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Groves High School
Member of the First Marine Division
Chris Hudson, 16, a student at Groves High School, said he had volunteered because he's "always had an interest in the military."Hudson said he plans to attend college for a couple of years, join the Marines and then use their programs to eventually earn a master's degree in electrical engineering.
Chris Hudson came home on leave July 23 after fighting all the way from Kuwait to Baghdad.Hudson, a 21-year-old graduate of Ross S. Sterling High School, is a member of the 1st Marine Division, First Battalion, based at Camp Pendleton, Calif.His command shipped out from San Diego aboard the USS Dubuque, an amphibious transport ship, on Jan. 17, and arrived on station in Kuwait about a month later.His company, Alpha 1, was the lead company as the battalion crossed into Iraq on March 21."We were the spearhead," Hudson said Wednesday while relaxing at his father's house on South Road.Hudson, a security force specialist, said he saw his first combat a day later, as several Marine squads attacked a farmhouse where Iraqi troops were holed up.His squad was tasked with arresting Iraqi prisoners of war as they fled the house."It wasn't that bad," Hudson said.Hudson described Baghdad as "a nasty town.""There were cesspools in the streets.The smell is what gets you," he said.Hudson described the desperate condition of the Iraqi people, who begged for food or money or tried to sell things.Still, he said, the Americans were warmly greeted by most Iraqis."They were very glad to see us.You feel like you're the main attraction in a parade.They were waving, saying thank you," he said. "There were men who remembered the days before Saddam who came up to you with tears in their eyes, shaking your hand," he said.Children were especially friendly, he said, often chasing U.S. troops for miles.After taking over Baghdad, Hudson's company was sent to the town of Hilla to train the new Iraqi police force.The Marines acted as a show of force in order to help the police gain credibility among the populace.He said he made many friends among the new police officers.In fact, he provided them with sleeve patches from the Baytown Police Department, where his father, John, is a sergeant.He described coming across one of Saddam's opulent palaces."The stuff he had was insane, compared to what he gave his people," he said.Hudson also heard accounts of Iraqi citizens telling U.S. troops where to find mass graves and torture chambers.Hudson described many humanitarian efforts performed by U.S. troops, including cleaning and re-supplying schools and treating injured civilians.He said that schools were the favorite hiding places of the Hussein regime for hiding munitions, which U.S. troops confiscated and destroyed in bunkers.Hudson said his command is still in Iraq and at present isn't slated to return until September.He was only able to take leave because as a "chaser," he was tasked with transporting a Marine prisoner to Camp Pendleton.The prisoner was fooling around and shot a fellow Marine, killing him, Hudson said.He is charged with manslaughter, negligent discharge of a weapon, and failure to obey a direct order.The assignment allowed Hudson to be able to see his newborn son, Rhett Christopher, who was born May 8, for the first time.Hudson, his wife Christy, and child are spending the leave time visiting family in Baytown before Hudson reports back to duty in California Aug. 26.Hudson, who joined the Marines five days after his high school graduation, has 10 months left in his four-year enlistment.He hopes to finish his tour at the division's headquarters.He said he wants to become a police officer, but probably not in Baytown."My dad won't retire," he said, so he'll probably try to join the police force in La Porte.Hudson said the scariest moment he felt was while he was on patrol with Iraqi police and saw one of the policeman get shot through the head and killed.But the memory that sticks out in his mind the most was when an Iraqi boy came up to him and begged for food."Saddam killed my father," the child said."The thing they need over there is stability," Hudson said.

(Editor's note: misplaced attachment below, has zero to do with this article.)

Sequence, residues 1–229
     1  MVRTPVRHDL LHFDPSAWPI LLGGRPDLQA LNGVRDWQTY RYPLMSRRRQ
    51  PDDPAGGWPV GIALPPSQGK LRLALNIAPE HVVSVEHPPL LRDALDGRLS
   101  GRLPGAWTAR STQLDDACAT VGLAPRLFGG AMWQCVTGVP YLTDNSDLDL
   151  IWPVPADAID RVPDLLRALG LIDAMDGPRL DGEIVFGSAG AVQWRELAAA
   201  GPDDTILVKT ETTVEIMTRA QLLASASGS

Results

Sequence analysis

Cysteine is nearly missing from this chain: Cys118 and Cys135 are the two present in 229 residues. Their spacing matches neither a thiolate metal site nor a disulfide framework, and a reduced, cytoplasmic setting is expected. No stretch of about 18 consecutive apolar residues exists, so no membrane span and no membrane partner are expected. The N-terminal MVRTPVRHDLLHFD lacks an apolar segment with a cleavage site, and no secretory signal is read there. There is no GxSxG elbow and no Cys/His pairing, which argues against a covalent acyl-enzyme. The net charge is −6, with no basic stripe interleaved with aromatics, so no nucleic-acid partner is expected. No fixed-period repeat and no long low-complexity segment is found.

(**Image by Chris Hudson - an instructor at Marine Aquarist Courses Online